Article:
were the people I’d known
before I just appeared as though I were he

Now it seems that I am just
a made-up account
replaced by a
nascent-narcissistic-sociopath-lived-to-be-managed-for-public-consumption
version of the meme-
the fetch that the world is meant to see

(Poetry Scales 59)  

Tuesday, April 25, 2017

Obedience as God's Children (1 John 3:11-24)

John continues to describe the qualities of the Children of God as he had described walking in the light. The children of God don’t just avoid sin, they obey God’s commands.

When we compare what John is writing here to what has come earlier in this text, this portion sounds not like a call to obedience, but rather like the test of love again. That is due to two things going on here. First, in this second half that I am calling the “God as Father” section, John also talks a lot about love and the fact that God is Love. You could just as easily talk about 1 John being divided into “God is Light” and God is Love” sections. But also, the five qualities that John listed for walking in the light—avoiding sin, obeying commands, not loving worldliness, the test of love, and keeping the faith—become a little muddled in this second half. They are not five individual qualities, but all aspects of what it means to be a follower of Jesus.

However, this section comprising the rest of chapter three is all about obedience. The pure “test of love” will come later, but here the commands of Christ are all summed up in the command to love. Just as Jesus summarized all of the Law and Prophets with “Love God and love your neighbor,” here John tells us that obeying the command to love one another covers every single instruction and demand God gives us.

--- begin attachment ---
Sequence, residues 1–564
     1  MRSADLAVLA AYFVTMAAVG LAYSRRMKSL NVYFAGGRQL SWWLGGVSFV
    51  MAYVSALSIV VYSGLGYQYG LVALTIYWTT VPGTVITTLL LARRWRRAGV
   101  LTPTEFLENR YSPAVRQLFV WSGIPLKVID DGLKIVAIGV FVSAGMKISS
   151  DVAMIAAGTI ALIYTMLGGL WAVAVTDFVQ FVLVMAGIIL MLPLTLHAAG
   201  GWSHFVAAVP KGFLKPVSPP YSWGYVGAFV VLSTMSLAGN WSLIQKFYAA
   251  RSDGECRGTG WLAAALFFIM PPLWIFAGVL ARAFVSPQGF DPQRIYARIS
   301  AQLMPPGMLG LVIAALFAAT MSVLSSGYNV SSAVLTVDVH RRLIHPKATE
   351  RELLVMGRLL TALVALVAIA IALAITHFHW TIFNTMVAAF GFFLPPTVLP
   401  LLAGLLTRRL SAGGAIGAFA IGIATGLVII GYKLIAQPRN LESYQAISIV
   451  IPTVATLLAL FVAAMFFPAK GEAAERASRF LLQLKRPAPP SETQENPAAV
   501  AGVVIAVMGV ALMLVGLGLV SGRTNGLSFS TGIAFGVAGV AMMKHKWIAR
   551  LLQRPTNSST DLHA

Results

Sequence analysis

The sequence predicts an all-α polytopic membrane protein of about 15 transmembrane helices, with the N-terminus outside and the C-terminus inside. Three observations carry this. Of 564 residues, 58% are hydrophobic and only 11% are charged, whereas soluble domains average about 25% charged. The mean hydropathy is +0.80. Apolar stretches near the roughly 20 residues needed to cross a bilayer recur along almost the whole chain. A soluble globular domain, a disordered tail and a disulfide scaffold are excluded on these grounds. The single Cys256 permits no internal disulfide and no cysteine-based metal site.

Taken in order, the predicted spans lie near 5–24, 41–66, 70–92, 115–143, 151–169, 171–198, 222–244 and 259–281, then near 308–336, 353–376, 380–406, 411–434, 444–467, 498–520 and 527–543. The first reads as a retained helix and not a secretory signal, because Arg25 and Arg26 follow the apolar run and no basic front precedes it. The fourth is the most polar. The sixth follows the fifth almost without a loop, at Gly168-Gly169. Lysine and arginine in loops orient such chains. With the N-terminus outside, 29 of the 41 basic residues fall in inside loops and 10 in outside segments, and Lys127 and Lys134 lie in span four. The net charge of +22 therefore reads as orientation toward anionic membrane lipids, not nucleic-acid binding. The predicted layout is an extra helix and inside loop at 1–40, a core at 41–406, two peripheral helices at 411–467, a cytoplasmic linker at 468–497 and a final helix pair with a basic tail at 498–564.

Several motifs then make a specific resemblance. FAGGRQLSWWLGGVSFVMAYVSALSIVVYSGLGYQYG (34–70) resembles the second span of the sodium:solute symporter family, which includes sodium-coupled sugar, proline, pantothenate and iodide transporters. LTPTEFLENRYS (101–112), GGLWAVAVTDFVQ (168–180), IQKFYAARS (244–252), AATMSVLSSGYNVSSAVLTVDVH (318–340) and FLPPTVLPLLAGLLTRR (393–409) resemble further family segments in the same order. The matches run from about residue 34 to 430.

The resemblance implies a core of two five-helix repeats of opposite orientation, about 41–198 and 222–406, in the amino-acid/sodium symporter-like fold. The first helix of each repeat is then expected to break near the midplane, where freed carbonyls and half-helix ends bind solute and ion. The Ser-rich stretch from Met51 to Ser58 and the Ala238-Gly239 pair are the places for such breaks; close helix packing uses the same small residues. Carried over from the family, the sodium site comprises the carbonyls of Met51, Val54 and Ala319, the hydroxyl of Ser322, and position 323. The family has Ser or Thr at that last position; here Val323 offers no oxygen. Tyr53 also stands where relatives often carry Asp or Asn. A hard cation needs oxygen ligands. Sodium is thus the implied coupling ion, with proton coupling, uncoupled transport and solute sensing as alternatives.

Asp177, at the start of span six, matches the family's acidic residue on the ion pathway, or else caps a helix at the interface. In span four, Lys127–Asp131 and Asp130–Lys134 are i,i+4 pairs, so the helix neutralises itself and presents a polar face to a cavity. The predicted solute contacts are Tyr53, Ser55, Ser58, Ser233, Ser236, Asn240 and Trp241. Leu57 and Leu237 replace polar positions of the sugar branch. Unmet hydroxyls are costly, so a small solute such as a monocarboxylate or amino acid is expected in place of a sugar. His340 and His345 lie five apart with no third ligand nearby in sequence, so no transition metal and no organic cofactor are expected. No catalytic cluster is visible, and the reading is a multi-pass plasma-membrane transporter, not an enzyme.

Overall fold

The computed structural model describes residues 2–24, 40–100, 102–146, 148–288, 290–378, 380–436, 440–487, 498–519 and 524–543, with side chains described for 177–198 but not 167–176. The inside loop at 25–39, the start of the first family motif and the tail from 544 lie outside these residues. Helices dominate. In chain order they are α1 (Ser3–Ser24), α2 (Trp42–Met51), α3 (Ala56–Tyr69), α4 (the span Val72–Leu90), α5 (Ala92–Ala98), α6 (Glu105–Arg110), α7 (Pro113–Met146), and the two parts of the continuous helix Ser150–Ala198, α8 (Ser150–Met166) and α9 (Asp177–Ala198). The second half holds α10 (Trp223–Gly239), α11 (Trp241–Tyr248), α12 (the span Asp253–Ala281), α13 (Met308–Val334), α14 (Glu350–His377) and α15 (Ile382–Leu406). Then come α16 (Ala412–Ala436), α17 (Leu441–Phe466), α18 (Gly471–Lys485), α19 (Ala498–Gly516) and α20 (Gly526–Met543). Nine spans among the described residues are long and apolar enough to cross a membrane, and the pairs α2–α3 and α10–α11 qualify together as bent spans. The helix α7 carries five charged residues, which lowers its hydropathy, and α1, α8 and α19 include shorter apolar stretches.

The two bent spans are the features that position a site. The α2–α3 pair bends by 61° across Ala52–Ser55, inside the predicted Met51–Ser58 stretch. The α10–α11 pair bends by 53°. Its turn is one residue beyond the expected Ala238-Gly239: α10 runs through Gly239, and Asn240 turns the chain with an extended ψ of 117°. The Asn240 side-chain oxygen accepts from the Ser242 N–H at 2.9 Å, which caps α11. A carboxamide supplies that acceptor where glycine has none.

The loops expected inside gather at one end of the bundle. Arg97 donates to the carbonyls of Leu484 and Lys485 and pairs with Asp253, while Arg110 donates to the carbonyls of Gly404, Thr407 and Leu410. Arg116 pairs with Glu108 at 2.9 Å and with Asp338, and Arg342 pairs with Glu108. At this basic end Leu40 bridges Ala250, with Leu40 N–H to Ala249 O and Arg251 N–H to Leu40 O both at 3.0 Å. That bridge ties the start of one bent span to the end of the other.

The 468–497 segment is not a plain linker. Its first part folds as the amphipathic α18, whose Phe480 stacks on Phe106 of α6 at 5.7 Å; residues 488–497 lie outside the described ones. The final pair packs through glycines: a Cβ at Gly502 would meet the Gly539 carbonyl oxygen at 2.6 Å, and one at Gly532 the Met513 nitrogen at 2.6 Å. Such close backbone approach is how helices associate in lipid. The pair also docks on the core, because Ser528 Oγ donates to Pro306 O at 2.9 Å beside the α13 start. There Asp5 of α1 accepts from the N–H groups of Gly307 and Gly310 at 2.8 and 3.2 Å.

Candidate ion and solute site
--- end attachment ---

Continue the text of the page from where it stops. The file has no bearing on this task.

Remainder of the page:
To love is a command that we obey. This is not something the world or even Christians understand today. It is not a feeling, or a platitude. We are even told that we will have to exercise our obedience to love in the face of hatred; hatred from the world and hatred from those who claim to be followers of Jesus. And we do not get to isolate ourselves into a Christian ghetto and love people where we feel at ease and where we receive love in return. We love the way that we saw Jesus love: sacrificially, unselfishly, and whether it is returned or deserved or not.

Once again, this is an obedience and a quality that is beyond our ability. When we love as the children of God, it is with His power and help, not anything of ourselves.